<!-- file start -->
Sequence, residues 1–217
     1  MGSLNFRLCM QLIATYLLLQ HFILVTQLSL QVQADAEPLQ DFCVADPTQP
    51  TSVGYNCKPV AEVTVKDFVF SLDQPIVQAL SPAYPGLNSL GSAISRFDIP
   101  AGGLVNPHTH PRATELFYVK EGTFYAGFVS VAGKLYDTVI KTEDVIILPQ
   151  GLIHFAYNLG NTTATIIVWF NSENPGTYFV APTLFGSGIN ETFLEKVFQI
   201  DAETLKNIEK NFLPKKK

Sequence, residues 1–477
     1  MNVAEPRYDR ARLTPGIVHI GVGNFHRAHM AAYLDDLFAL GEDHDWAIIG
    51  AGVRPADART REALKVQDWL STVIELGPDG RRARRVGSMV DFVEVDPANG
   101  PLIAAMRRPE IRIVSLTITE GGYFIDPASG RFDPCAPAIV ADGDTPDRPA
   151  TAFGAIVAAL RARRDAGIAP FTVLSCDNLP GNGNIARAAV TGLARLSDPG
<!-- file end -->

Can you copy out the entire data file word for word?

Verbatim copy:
Sequence, residues 1–217
     1  MGSLNFRLCM QLIATYLLLQ HFILVTQLSL QVQADAEPLQ DFCVADPTQP
    51  TSVGYNCKPV AEVTVKDFVF SLDQPIVQAL SPAYPGLNSL GSAISRFDIP
   101  AGGLVNPHTH PRATELFYVK EGTFYAGFVS VAGKLYDTVI KTEDVIILPQ
   151  GLIHFAYNLG NTTATIIVWF NSENPGTYFV APTLFGSGIN ETFLEKVFQI
   201  DAETLKNIEK NFLPKKK

Sequence, residues 1–477
     1  MNVAEPRYDR ARLTPGIVHI GVGNFHRAHM AAYLDDLFAL GEDHDWAIIG
    51  AGVRPADART REALKVQDWL STVIELGPDG RRARRVGSMV DFVEVDPANG
   101  PLIAAMRRPE IRIVSLTITE GGYFIDPASG RFDPCAPAIV ADGDTPDRPA
   151  TAFGAIVAAL RARRDAGIAP FTVLSCDNLP GNGNIARAAV TGLARLSDPG